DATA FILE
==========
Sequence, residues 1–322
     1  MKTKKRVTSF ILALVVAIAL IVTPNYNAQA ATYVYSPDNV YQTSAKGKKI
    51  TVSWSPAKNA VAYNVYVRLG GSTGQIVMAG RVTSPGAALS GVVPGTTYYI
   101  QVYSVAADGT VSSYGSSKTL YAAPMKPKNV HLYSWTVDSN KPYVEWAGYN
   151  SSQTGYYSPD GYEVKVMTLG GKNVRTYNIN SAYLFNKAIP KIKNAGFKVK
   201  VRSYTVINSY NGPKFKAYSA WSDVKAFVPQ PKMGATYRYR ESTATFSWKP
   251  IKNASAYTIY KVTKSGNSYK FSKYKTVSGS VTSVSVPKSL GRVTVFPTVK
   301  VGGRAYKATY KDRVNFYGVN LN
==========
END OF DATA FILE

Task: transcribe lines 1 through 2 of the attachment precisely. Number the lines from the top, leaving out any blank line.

Sequence, residues 1–322
     1  MKTKKRVTSF ILALVVAIAL IVTPNYNAQA ATYVYSPDNV YQTSAKGKKI